The city is currently spending about $600 every three years for lead testing. The new requirements would increase that cost to about $2,460 every six months for municipal lines, plus added costs for schools and childcare facilities, Weisenburger said.

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Staff is brainstorming on how to prepare for the new rules and the anticipated costs to comply with the rules.

They’re considering adding full time employees to work on the service line inventory as a preemptive effort to identify which lines are lead, since reducing the number of unknown lines is helpful under the rules.

Some are identifiable using city records, but some will be harder to identify and may require moving dirt to get to the lines. Skubinna said that the city adopted rules in the 1960s or 70s that prohibited lead pipes and they can use that documentation to help identify what type of pipes are where in the city.

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The issue is complicated since the lines are on private property and staff are working on plans to educate the public and find ways to work with property owners to identify the types of line materials throughout the city in advance of the rule’s effective date.

The federal agencies have made some funds available for the replacement projects and the city could potentially use some of its federal COVID relief funds for the work, as well as the traditional state infrastructure grants, service rate increases, or special taxes or property assessments to cover the costs of complying with the new rule, Skubinna and Weisenburger said.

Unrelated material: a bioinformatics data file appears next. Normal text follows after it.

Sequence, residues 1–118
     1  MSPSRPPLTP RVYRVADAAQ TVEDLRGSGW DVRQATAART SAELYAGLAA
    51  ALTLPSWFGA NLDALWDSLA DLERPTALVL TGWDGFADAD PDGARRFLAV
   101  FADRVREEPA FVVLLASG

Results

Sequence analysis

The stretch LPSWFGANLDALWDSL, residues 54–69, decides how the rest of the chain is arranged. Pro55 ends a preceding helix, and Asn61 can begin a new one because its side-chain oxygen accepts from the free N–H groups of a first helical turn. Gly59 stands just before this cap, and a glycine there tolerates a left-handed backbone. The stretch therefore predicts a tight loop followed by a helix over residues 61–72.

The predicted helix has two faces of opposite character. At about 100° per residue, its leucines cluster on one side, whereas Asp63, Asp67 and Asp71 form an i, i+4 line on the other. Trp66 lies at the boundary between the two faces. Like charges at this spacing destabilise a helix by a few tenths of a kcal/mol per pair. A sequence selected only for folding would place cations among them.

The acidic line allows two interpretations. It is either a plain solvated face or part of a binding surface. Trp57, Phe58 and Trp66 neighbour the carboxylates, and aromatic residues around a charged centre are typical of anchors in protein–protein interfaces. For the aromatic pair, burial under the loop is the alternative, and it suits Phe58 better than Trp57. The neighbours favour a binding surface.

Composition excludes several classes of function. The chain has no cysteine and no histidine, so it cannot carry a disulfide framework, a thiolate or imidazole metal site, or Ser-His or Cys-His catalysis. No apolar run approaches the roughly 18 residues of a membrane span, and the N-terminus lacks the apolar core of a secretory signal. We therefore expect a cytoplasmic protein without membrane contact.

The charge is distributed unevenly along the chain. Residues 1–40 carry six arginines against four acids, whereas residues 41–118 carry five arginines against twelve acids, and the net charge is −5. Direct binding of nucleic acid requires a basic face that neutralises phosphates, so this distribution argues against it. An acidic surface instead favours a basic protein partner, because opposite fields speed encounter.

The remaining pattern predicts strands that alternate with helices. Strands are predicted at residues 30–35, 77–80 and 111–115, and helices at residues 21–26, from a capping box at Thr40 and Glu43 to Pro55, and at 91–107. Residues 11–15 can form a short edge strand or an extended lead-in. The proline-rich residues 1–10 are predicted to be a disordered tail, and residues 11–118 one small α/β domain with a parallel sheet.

“City staff is not taking this lightly,” Skubinna said.

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As it stands, monitoring and sampling is the city’s responsibility and the cost, which could be passed on the customer, but if there’s some action required, such as replacing the pipe, it will likely be the responsibility of the property owners.

“The big issue is figuring out who bears the cost of replacing a lead service line on private property,” Weisenburger said. “It’s an unfortunate situation for those who have purchased a property or own a property with a lead service line.”

Skubinna said they’re trying to work on ways to help property owners find funding or resources to help with the cost of line replacements, but don’t know yet how that will pan out.

Commissioners asked some questions as to how the replacement work would be done and Skubinna said, “some of the questions you’re asking we don’t know the answers to yet. That’s what we’re working on, to have a program in place by the federal deadline and figure out how to pay for it.”

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Mayor Bob Kelly said, “we’re sitting here fairly dumbfounded” about the rule and potential cost.

City Manager Greg Doyon said it’s a “classic governmental knee jerk, as a result of an unfortunate event,” and an unfunded mandate.

The city’s current policy is that the service line from the main to the property is the responsibility of the property owner, though it could be changed, Doyon said.

The rule will have an impact on customer water rates, “no doubt about it,” Doyon said.

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Doyon said that are other preventative measures for lead, such as water filtration systems, so the city can also provide public information on managing the issue while figuring out compliance with the new rule.